A few weeks ago, I stumbled into an event that, it turns out, was a fundraiser for a politician. I had other things to do, so I didn’t give it a lot of thought, but I did take a moment to look …
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A few weeks ago, I stumbled into an event that, it turns out, was a fundraiser for a politician. I had other things to do, so I didn’t give it a lot of thought, but I did take a moment to look around the room at the people there. Most of them I didn’t know (not really my circle, you know?), but I did recognize a few: there were representatives of trade unions, there was a bank president, there were a handful of lawyers.
Not exactly a gathering of “average Joes.”
And it occurred to me that each of the people there had done one thing in common: they had paid a price to have access to a politician.
Access to a politician — that is, access to the workings of government — are a matter of money. This is not really news, of course. “The West Wing” was fond of pointing out that, from the day a Congressman or -woman takes their oath of office, they need to raise $10,000 a week to have a legitimate shot at re-election; that number jumps a bit if somebody wants to displace an incumbent. And that show ran *twenty years ago*. One can only wonder what weekly haul is necessary today.
Money is the lifeblood of politics.
And we wonder why the system is corrupt.
I am not one of those people who think all money is bad — in this instance, I’m sure the politician in question and their audience have many beliefs in common, and the money collected that day probably represented the belief that their interests would be well-represented by a person who shared their values.
But the moms and dads and retired grandparents whose interests are usually putting food on the table and seeing that their children are well-educated are, generally, too busy working and living their lives to take the time or spend their money to get access to the process in the same way. And that leaves the system vulnerable to corruption.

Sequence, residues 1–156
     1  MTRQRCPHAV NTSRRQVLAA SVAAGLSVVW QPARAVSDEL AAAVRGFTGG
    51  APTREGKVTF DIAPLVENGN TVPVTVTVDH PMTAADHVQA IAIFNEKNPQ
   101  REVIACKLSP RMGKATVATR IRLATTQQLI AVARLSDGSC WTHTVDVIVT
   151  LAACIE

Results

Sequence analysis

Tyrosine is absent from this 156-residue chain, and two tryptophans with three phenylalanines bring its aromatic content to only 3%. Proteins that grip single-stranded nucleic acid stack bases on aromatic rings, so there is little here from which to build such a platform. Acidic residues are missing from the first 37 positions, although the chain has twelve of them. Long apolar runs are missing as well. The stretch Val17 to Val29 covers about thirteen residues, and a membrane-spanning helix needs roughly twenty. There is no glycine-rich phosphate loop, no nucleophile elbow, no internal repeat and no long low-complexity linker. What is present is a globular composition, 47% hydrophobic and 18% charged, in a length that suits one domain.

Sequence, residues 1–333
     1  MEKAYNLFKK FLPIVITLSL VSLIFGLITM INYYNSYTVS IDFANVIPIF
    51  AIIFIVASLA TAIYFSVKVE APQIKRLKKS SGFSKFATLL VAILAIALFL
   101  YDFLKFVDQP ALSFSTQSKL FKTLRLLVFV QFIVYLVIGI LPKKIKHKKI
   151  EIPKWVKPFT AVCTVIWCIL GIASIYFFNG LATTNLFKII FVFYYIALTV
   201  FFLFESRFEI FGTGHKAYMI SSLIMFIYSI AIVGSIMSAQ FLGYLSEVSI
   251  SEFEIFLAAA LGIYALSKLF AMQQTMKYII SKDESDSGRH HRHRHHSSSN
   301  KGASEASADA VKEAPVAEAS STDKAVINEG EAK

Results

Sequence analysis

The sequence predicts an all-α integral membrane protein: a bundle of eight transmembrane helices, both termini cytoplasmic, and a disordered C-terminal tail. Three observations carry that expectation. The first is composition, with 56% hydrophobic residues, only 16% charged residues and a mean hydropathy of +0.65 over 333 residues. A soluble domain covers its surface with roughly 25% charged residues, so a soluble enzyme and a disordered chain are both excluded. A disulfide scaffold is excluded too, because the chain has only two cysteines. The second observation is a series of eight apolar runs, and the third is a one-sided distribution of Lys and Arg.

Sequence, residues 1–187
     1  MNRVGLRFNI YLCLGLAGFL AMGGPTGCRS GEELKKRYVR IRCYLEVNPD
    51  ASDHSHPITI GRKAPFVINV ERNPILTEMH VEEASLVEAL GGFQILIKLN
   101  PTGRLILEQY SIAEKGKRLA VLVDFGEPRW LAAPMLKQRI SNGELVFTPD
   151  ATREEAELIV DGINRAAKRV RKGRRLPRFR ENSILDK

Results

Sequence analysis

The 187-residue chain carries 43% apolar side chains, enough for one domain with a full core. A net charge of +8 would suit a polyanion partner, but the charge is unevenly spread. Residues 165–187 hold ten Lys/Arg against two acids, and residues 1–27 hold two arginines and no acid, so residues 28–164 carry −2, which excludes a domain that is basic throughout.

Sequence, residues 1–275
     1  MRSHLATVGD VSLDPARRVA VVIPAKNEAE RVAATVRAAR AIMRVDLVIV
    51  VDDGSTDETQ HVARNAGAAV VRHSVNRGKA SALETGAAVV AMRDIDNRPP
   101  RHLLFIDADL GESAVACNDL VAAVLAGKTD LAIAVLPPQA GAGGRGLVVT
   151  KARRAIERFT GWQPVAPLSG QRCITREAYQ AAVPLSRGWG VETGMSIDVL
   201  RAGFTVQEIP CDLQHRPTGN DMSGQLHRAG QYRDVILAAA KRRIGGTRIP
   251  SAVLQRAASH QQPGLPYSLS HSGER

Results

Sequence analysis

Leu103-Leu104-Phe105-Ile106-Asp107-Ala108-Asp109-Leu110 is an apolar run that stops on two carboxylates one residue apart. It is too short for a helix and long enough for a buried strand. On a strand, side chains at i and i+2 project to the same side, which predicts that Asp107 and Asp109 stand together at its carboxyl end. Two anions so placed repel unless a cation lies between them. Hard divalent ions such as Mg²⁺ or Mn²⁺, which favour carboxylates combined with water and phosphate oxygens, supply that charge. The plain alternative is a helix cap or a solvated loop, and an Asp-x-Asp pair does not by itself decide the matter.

The Colorado Sun published an article a couple weeks ago detailing money spent in the Jefferson County school board race. As of that date, there was about $250,000 raised to be spent in that race; about $225,000 of that was spent on the slate supported by the teachers’ union. On top of that, an outside group — who, at that time, did not have to detail the source of its money — was spending quite a bit of money in Jeffco and other districts around the state in support of union-backed candidates.
Again, similar beliefs lead to support, as represented by money. But, don’t you have to ask yourself: is it right that teachers’ unions have the wherewithal to spend lavishly getting the people elected who, in a few short months, will be sitting across the table from them during contract negotiations? On its face, it looks like a perfect loop of corruption. The same loop as when defense contractors spend lavishly to get pro-military politicians elected, and large corporate donations tend to end up as favorable tax breaks for corporations.
I’m not saying that the people are corrupt. I’m saying that the system itself is corrupt. And, for what it’s worth, apparently Jeffco voters are just fine with the system, as they voted by wide margins to maintain the status quo. Other districts chose ... differently.
I’ve written before about the idea of a “linchpin,” a small but significant component of any system which, were it to be removed, could cause the system to collapse. I’m starting to believe that money is the linchpin of our current political system. That the money which flows to politicians from what is inevitably the extremes of our philosophical spectrum dictate the extremism of our system. And that contributes mightily to our dysfunction as a body politic.
The question, then, is this: is that dysfunction painful enough to be worth fighting to change the system?
Michael Alcorn is a former teacher and current writer who lives in Arvada with his wife and three children. His new novel, “Valkyrie’s Kiss,” a finalist in the ScreenCraft Book Competition, is available now at email@example.com. His opinions are not necessarily those of Colorado Community Media.
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